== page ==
C. L. Moore (1911-01-24/1987-04-04)
“Shambleau” (Weird Tales, November 1933)
C. L. Moore made her debut with a very different, but equally colorful story. Northwest Smith is a sort of anti-hero of the spaceways who rescues an alien girl from a multi-species Martian mob bent on destroying her. He finds himself simultaneously drawn to and repelled by her but, after a night of strange dreams, he experiences a night (and nights) of erotic pleasure and horrific revulsion and learns that old myths have their roots in reality. This story is crisply plotted until an overlong denouement throws things a little out of proportion and ends the powerful blending of disparate psychosexual elements with a sort of sputtering effect until recapturing some of the momentum at the very end and it’s odd in that Northwest Smith is introduced as a mover and shaker of a main character, yet he takes a backseat first to the girl and then to another character. Also, while not a structural problem, there’s a sort of puritan streak running through this one despite its amoral complacency about Smith’s extra-legal activities. All that aside, this is an extremely vividly imagined and memorable tale of great intensity and rightly made Moore immediately famous.
Edgar Allan Poe (1809-01-19/1849-10-07)
“The Cask of Amontillado” (Godey’s Lady’s Book, November 1846)
This is a good example of Poe’s theory of the short story in which everything is directed toward producing a single effect. This doesn’t mean that everything is monotone but, rather, that a great variety of things can be deployed as long as they have the same vector and accumulate power. The premise is simply that a once rich and/or powerful man has been wronged by one who is still rich and/or powerful and, having received an insult of some kind on top of these injuries, has formulated his revenge and exacts it in the story. The plan is clever and insanely forceful. Examples of the variety of elements (mostly twistedly funny) are the way the narrator ensures he will not be bothered by servants, the victim saying he won’t die of a cough (which is more true than he realizes) coupled with the bit about masons and the trowel, the discussion of the coat of arms and, perhaps best of all, the screaming scene. This is a masterful piece of black humor and ironic art.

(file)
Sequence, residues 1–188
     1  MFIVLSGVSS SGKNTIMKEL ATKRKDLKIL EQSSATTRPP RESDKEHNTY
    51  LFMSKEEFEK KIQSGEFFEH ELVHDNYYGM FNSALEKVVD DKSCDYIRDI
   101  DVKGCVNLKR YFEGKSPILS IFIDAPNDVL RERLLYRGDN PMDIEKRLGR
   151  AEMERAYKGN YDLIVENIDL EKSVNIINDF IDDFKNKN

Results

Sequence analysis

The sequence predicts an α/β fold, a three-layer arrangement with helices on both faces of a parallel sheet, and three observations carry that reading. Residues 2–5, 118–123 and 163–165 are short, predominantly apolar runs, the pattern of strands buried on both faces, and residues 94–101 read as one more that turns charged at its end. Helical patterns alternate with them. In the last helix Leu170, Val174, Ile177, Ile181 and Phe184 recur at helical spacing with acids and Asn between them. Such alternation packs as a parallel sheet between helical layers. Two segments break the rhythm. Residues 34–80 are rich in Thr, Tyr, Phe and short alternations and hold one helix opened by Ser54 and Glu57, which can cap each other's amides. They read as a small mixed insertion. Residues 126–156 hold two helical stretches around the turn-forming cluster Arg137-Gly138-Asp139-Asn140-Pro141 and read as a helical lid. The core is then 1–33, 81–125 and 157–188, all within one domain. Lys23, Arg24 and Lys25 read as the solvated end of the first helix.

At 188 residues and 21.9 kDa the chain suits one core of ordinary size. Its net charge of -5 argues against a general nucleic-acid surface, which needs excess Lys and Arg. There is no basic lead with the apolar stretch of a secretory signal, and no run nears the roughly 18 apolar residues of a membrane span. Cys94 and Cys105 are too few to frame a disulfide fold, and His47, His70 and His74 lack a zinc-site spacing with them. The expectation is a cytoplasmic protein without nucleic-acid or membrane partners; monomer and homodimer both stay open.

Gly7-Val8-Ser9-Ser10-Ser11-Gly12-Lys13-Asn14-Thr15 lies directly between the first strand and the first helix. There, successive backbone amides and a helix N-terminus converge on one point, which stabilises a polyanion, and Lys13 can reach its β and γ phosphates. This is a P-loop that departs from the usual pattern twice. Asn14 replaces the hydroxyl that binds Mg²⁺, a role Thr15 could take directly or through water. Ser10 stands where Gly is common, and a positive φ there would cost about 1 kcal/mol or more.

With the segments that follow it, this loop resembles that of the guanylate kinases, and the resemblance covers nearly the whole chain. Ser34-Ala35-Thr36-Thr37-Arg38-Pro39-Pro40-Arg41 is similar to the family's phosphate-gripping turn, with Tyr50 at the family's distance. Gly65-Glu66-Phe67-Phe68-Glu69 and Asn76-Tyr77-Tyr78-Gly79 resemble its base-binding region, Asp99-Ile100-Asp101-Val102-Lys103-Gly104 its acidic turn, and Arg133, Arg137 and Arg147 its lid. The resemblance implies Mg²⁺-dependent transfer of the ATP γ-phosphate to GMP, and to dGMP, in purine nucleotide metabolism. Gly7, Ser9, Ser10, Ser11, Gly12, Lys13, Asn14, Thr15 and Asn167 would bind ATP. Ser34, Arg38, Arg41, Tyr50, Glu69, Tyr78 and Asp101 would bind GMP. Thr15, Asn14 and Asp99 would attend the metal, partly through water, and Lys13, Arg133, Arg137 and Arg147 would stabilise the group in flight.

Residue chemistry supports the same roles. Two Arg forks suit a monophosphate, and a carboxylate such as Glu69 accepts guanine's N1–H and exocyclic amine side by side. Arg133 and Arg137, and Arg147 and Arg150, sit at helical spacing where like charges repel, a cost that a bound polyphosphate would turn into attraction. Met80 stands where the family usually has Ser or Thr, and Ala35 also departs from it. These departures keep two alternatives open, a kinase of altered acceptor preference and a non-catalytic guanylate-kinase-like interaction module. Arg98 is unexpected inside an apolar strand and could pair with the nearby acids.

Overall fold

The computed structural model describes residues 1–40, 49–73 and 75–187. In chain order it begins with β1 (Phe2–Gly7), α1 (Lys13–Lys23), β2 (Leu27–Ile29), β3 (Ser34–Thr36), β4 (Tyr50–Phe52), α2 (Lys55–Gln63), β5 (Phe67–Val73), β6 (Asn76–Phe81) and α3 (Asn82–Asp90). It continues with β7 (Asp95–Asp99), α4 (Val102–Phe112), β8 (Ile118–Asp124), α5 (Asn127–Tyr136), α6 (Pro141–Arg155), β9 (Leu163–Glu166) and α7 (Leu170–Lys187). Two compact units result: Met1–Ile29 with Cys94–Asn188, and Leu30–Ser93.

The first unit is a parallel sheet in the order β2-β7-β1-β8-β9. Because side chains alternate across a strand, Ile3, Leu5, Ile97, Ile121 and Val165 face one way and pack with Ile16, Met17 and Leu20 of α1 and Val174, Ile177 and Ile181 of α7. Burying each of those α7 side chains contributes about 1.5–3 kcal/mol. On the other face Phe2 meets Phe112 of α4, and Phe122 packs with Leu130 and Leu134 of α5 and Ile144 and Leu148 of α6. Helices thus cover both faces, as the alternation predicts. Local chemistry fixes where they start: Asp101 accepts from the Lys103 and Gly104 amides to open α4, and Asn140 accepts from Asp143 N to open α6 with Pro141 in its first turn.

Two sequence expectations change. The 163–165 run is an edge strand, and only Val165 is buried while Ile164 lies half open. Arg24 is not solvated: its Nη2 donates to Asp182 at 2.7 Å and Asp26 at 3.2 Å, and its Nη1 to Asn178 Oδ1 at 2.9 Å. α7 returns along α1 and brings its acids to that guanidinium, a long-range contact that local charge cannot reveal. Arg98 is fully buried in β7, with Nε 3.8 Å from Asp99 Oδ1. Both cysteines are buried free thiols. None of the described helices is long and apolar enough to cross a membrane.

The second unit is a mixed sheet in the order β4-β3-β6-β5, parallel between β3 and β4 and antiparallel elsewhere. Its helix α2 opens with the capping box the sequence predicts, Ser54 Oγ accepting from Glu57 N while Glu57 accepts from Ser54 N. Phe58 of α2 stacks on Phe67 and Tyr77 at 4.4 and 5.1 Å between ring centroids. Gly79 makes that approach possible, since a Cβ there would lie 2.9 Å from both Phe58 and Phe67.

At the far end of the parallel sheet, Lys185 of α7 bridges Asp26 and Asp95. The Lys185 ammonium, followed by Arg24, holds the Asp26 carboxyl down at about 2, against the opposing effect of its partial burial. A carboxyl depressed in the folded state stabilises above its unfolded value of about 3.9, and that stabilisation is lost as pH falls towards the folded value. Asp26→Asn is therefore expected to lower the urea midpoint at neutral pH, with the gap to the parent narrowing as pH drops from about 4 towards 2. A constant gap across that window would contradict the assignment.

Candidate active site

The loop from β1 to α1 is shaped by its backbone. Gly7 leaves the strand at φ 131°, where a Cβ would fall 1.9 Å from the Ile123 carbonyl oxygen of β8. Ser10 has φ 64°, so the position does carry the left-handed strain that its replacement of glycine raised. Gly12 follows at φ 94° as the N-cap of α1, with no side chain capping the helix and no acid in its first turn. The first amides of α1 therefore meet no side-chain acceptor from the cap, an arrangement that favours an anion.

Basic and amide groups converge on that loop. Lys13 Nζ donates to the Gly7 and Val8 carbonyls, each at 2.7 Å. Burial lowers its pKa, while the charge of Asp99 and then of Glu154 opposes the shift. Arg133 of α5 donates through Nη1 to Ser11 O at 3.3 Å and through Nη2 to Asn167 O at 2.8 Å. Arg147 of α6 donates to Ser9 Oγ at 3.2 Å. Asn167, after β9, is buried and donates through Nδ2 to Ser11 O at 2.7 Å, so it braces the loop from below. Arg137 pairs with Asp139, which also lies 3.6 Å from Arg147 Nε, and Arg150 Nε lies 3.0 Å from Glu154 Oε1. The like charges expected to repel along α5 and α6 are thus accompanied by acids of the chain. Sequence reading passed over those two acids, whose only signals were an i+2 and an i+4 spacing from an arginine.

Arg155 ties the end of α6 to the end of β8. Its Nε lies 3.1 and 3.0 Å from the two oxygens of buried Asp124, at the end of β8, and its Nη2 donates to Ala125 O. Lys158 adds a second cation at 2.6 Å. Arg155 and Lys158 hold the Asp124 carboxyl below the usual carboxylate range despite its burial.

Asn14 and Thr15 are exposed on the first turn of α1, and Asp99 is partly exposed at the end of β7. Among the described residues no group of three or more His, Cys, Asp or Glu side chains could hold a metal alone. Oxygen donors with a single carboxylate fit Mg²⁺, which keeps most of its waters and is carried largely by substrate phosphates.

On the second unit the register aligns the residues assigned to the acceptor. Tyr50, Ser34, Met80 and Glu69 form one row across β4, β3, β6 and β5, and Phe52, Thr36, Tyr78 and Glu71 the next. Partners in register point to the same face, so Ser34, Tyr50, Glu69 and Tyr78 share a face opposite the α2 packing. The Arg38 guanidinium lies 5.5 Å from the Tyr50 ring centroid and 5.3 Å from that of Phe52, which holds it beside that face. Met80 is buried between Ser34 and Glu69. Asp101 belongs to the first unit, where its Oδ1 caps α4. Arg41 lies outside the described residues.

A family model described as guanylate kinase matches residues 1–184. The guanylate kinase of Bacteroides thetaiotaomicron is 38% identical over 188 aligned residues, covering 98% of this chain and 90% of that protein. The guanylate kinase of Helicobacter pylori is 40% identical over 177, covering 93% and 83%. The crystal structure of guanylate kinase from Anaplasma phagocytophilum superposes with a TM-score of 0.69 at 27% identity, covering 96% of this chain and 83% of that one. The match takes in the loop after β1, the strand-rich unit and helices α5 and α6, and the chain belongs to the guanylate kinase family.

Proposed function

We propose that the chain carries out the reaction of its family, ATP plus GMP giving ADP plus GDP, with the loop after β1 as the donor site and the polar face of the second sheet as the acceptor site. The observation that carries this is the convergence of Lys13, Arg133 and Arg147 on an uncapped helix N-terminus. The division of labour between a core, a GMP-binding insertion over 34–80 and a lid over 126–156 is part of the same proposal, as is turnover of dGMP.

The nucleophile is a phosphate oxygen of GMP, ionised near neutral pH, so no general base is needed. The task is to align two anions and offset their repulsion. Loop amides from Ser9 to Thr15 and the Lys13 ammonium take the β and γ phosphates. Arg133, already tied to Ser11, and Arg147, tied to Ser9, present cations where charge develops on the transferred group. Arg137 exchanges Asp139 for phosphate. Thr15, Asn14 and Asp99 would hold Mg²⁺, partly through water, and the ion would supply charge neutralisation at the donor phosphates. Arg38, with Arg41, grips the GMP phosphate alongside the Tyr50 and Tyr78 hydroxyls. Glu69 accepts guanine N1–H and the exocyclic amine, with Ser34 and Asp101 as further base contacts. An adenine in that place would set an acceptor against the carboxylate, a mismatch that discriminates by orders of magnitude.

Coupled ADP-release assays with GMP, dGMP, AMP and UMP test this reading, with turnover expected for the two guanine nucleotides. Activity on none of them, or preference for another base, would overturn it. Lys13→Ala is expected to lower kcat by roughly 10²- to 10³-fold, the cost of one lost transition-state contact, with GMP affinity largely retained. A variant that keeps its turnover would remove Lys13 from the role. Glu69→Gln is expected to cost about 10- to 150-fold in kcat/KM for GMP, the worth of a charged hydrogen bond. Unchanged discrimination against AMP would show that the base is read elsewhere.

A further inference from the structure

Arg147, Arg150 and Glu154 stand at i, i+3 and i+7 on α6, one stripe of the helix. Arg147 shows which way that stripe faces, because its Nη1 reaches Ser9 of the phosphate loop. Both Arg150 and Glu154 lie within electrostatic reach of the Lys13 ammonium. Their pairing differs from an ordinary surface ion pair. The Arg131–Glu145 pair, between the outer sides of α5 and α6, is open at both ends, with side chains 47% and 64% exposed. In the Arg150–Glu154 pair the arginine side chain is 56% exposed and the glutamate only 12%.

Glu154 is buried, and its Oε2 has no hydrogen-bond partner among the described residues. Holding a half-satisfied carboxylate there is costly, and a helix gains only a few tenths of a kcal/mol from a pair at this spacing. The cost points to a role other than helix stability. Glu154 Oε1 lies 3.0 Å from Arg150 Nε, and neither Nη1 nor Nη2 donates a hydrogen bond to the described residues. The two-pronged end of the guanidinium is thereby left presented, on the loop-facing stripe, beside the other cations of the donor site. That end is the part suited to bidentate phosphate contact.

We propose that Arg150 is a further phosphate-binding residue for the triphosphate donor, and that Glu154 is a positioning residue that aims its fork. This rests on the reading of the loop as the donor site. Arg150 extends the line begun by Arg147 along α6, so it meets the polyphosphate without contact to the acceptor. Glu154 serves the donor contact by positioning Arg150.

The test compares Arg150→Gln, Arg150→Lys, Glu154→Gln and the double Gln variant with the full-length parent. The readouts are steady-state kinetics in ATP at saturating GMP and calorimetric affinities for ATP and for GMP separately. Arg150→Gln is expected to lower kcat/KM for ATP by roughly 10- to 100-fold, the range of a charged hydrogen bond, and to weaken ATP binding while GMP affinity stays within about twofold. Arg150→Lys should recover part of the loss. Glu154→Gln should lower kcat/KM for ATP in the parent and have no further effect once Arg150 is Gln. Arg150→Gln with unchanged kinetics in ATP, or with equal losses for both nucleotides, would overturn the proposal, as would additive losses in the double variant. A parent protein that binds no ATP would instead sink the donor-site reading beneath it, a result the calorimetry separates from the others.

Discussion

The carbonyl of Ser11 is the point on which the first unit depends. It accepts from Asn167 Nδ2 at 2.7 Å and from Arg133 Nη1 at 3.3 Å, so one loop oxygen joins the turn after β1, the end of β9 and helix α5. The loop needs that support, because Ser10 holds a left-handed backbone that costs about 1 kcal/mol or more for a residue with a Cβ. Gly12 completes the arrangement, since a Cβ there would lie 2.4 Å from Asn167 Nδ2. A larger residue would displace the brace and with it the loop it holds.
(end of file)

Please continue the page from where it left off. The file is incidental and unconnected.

Allen Steele (1958-01-19)
“The War Memorial” (Asimov’s, September 1995)
Allen Steele shares a birthday and (almost) a name with Poe but doesn’t generally share much else, generally writing somewhat optimistic fiction which is often literally light years removed from the gothic, but this example of “anti-military SF” has some unusual similarities with the preceding one. The protagonist is fighting a battle on the moon, encounters some serious technical difficulties with his combat armor, and eventually contributes to an unusual “war memorial.” This is a much more sober tale but is also short, powerfully focused, dark, and effective.
 I started this in 2020, which was a 366-day year and 52 weeks only covers 364 days, so this last installment covers nine days (I should have posted it yesterday). Ironically, the birthdays only kick in on the nineteenth, so only cover the last six of those nine. In that sense, it’s a short week.